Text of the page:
4 Things You Should Know About General Surgical Care
Surgery allows doctors to repair things inside your body. The idea of having surgery may sound alarming, but modern medicine has made surgery safe and comfortable for patients. Here are four things that patients should know about general surgical care:
1. Your doctor will refer you to a general surgeon.
Most people rely on their primary care physicians for the bulk of their medical care. Primary care physicians perform annual physicals and perform preliminary exams when patients complain of physical symptoms. If your doctor discovers a medical issue that requires surgical intervention, they will not perform the surgery themselves. Instead, your doctor will refer you to a general surgeon who can perform your surgery. You will be given a referral to a surgeon who is within your insurance network.
2. You may meet with your surgeon for a consultation.
It's likely that you will be scheduled to meet with your surgeon for a consultation. During the consultation, your surgeon will look through your medical records. They may perform an examination to confirm your primary care physician's findings. The purpose of surgical consultations is to determine whether you're a good candidate for surgery. Any surgical contraindications will be uncovered during this time. Surgical consultations are often scheduled shortly before the date of the actual surgical procedure.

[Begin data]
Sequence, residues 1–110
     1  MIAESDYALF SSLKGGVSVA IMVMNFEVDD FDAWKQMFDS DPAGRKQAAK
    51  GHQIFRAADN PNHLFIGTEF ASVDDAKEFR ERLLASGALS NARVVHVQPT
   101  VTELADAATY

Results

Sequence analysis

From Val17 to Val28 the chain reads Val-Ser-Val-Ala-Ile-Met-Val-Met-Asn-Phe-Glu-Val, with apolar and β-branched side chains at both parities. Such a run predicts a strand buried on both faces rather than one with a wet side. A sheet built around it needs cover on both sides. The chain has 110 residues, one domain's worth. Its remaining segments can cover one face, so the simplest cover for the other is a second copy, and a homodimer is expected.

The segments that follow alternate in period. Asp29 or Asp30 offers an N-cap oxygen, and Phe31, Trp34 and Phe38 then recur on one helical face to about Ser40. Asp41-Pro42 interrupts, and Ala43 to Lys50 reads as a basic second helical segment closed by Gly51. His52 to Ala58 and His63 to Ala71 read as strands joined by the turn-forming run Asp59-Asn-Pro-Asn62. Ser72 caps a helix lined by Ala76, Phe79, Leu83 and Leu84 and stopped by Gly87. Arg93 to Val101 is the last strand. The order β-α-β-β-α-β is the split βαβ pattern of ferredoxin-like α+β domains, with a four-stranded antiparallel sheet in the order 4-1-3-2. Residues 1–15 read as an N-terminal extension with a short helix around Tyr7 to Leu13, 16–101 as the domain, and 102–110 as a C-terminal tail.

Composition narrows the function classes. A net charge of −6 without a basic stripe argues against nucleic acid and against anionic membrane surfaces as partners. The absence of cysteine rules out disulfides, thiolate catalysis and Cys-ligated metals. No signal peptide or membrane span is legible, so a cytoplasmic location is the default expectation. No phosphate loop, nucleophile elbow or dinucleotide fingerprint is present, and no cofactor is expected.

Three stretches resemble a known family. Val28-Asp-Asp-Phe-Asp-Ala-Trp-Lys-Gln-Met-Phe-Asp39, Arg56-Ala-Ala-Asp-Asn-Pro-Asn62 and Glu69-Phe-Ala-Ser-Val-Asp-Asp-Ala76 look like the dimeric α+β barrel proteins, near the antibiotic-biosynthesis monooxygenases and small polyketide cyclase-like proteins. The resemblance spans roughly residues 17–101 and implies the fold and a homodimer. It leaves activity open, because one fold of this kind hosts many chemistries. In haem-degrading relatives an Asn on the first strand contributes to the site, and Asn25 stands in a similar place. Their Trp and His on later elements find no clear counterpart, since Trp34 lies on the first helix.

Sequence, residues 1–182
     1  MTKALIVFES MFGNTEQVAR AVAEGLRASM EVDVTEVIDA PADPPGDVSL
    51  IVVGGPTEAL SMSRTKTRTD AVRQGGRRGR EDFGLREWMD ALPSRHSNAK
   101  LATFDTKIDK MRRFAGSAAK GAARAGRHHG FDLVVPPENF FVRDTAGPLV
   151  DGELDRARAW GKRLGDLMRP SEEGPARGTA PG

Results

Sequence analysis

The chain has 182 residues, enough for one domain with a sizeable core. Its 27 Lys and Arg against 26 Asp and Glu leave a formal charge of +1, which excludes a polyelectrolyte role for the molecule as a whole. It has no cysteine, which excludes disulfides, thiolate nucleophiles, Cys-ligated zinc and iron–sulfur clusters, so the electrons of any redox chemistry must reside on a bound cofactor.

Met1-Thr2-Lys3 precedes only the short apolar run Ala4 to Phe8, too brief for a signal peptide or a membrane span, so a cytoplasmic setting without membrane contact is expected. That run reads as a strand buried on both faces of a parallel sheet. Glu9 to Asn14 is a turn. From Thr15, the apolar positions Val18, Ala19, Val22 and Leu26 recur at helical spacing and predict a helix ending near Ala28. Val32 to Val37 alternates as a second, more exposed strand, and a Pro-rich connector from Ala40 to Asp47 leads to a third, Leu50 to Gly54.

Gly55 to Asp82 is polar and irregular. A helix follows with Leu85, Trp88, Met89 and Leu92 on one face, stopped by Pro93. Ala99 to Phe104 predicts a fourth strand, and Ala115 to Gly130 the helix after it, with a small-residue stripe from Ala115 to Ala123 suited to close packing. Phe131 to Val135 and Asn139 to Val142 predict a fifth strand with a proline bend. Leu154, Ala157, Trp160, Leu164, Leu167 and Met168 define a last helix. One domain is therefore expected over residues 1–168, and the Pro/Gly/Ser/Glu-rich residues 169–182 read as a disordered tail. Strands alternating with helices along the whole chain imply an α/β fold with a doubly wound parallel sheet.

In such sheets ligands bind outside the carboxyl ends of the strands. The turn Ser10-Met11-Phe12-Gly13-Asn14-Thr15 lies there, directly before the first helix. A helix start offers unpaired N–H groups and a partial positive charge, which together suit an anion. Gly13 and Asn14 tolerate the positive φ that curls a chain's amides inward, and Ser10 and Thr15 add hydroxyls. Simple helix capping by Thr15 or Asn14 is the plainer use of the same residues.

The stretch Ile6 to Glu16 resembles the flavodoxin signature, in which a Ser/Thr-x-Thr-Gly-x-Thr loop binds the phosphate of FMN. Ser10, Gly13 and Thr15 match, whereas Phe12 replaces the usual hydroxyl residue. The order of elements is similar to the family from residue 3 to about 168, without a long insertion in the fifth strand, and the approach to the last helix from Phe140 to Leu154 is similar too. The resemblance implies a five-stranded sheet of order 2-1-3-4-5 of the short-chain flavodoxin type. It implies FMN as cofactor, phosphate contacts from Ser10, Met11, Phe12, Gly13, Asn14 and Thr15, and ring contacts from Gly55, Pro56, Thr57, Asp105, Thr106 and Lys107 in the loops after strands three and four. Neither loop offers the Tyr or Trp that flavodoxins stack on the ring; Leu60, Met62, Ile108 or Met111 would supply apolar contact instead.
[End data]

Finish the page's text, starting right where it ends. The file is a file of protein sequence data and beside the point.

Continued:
3. Your surgeon will give you pre-operative instructions.
Many surgeries are performed using general anesthesia, which allows patients to remain unconscious and comfortable for the duration of the procedure. However, general anesthesia comes with certain risks. In order to minimize these risks, you will be given a list of pre-operative instructions that you must follow. Many surgeons recommend that patients eat nothing on the day of their surgeries. An empty stomach is safest; if you become nauseous while under general anesthesia, there will be nothing in your stomach to cause you to vomit. This is important since vomit can be aspirated into your lungs.
4. You may be required to stay at the surgical center for observation.
Following your surgical procedure, you may be required to stay at the surgical center for observation. The length of observation required will depend on the type of surgery you undergo. Minor procedures usually do not necessitate an overnight stay. In many cases, your surgeon will allow you to leave as soon as you perform certain bodily functions, such as eliminating waste on your own. In other cases, you may need to stay at the surgical center overnight for medical monitoring. Your surgeon will give you their recommendations before your surgery begins, so you will not be surprised.